If your characters feel hard to write or lame or whatever, go back to the drawing board, work on developement. Get a better sense for the individuality for your characters. Remember that word. And stay true to it! How people look at friendship and love, for example, is not going to be identical. The meaning of those things are slightly (or hugely, depending) different for everyone. Even between siblings or spouses, these things won't be exact matches, therefore their reactions to things will be different. See? And then you have character traits, upbringing, experiences, desires, dreams -- all these things to set each character apart. All these thing to keep in mind as you develop and write.

Once you have all that, it should be pretty easy to switch back and forth -- no matter how you do your POVs and what tenses you write in.

In Charlie's stories, it's her POV (point of view) and hers only, but every character can still come alive through their actions, their reactions, and their dialogue. This is where they can stand out. Be different. If you see them as individuals and stay true to them as you write, writing different characters whether good or bad, male or female, should produce a really dynamic cast for your story.

7 comments:

jacabur1 said...

Okay so you know I am with Charlie the hamburger patties should be round not Square but they taste just as good that way at Wendy's so will cut them some slack. I love the fact that you are compelled just like myself, my husband and my Mom amongst who knows how many others to walk around that hotel bed and untuck those sheets and blankets. The first time I ever slept in a hotel was on my Honeymoon way back in 1981 and could not and do not still understand the tight tucking practice!

Kelly Hank is a good example because he is for 1 not human and 2 very strong totally male character, which you aced in my opinion. The partnership between the 2 of them is a wonderful relationship and you have created things not only in your head but on the written page that resonate with us readers and we all thank you for it very much.

jackie b central texas
(BTW reading my new Spider's Bite and it is cool.)

Mardel said...

Haha - watch, we're all going to post about how we like the bed covers (I liked your writing post, btw)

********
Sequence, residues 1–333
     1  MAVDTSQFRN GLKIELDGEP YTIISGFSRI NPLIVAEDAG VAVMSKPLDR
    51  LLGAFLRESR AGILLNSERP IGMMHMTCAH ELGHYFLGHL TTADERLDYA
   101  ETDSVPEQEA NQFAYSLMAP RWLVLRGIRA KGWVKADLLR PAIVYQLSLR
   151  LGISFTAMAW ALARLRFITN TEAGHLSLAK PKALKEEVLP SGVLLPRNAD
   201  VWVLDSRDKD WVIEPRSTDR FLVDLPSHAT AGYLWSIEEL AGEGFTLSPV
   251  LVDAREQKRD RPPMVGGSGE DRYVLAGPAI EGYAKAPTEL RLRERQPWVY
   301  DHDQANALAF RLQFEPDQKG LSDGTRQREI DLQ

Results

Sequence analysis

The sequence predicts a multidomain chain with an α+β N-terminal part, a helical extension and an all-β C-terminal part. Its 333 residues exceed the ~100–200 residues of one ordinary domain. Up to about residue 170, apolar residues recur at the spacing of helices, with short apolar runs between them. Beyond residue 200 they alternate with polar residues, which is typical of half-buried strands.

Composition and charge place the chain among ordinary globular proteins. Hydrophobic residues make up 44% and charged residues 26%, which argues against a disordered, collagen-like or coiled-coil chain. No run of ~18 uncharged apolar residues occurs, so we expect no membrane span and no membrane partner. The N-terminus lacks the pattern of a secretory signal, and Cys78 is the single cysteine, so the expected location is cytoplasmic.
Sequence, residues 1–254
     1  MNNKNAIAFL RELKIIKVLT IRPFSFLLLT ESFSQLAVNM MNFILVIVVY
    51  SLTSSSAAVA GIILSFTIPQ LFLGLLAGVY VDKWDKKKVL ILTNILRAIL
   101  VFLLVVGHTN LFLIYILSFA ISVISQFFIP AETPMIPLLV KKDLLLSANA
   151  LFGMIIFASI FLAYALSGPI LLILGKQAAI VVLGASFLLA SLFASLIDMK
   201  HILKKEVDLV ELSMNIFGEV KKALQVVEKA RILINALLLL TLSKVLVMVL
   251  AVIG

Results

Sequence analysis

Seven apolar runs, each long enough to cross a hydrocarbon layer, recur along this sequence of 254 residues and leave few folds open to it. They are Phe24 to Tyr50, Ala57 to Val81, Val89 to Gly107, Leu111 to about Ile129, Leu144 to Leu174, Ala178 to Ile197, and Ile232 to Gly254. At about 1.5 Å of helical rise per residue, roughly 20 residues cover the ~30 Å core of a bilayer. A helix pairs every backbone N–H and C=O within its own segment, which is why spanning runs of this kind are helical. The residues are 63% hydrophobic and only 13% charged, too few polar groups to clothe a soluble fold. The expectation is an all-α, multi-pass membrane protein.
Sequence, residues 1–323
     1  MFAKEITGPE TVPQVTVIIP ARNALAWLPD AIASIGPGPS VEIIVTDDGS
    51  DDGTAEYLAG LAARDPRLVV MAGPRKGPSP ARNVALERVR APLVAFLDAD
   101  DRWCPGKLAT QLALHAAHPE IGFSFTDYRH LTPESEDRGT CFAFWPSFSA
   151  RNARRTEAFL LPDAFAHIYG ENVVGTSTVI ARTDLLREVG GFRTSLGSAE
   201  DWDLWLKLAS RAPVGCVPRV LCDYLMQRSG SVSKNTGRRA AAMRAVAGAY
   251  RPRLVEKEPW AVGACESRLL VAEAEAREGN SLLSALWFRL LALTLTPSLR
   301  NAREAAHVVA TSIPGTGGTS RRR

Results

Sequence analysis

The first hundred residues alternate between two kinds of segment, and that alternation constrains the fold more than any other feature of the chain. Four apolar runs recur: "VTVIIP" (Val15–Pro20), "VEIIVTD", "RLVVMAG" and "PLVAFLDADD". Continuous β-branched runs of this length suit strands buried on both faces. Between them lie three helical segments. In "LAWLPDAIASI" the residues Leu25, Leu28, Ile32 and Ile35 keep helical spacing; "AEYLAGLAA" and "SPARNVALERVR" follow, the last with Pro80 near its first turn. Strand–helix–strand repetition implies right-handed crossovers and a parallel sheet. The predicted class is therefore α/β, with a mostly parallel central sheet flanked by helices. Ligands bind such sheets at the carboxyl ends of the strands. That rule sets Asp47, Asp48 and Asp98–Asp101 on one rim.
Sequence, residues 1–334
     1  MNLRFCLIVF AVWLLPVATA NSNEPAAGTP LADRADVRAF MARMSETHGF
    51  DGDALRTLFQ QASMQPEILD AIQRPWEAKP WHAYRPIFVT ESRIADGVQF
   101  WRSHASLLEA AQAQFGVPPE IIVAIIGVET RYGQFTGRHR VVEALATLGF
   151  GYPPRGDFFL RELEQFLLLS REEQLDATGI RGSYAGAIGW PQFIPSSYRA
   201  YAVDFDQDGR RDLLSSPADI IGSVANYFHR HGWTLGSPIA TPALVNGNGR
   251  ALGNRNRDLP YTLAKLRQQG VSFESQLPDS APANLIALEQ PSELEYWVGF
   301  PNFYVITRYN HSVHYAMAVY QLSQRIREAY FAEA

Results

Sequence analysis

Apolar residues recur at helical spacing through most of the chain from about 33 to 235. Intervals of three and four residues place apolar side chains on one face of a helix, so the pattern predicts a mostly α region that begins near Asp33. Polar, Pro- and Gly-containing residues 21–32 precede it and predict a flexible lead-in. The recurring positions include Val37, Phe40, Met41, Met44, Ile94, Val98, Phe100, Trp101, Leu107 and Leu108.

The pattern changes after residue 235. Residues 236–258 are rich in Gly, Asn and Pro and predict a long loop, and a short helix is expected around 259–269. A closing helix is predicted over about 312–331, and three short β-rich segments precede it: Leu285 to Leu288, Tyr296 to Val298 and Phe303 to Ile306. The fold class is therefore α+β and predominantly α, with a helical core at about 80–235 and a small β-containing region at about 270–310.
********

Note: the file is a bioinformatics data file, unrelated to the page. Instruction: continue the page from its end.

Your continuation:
I did laugh when I read about you untucking the bedcovers. My husband and I have come to an understanding. His sid of the bed is tucked in, military straight and tight. Mine is untucked, from the foot of the bed alway the way to the top. I can't stand my feet covered unless it is freezing cold. Even then, I usually end up kickin covers off my feet, keeping only the sheet.

Corrie said...

Hmmm... I totally get this and am glad and grateful that you shared it with us. I'd written a character for a one-act play some years back and the director wanted him to cuss out a suspect. I said "no, Chuck's not much of a cusser." Hard drinking, tough Chicago street cop, yes. Need to prove he's tough by swearing a blue streak? No way.

Oh, and by the way... I'm with you on the "untuck" thing. I even used to undo the bottom zipper on my sleeping bag when we were in the field (in the Army).

Judith Engracia said...

Great advice! I'll keep this in mind as I dabble in my writing :)

P.S. I LOVE HANK!

P.P.S. I wrote about how much I love your book as my *very first* blog post ever! http://omnomnom-books.blogspot.com/

Kelly Gay said...

LOL. I'm glad to see I'm not alone with the tuck-untuck thing! :-)

Kelly Gay said...

Hi Judith! Thanks for stopping by, and double thanks for the awesome book review post -- so glad to hear you liked the book! :D

And I *love* Hank, too. There'll be much more of him in the second book. ;-) Much. More....

jonzvaly said...

That is tremendously helpful.

how long did it take you from "conception" to completion? and did you have your story arc all three books out or did that come as your story filled?

Kaurie

and I'm an unpacker. I gotta unpack my stuff and settle in, if only for a night.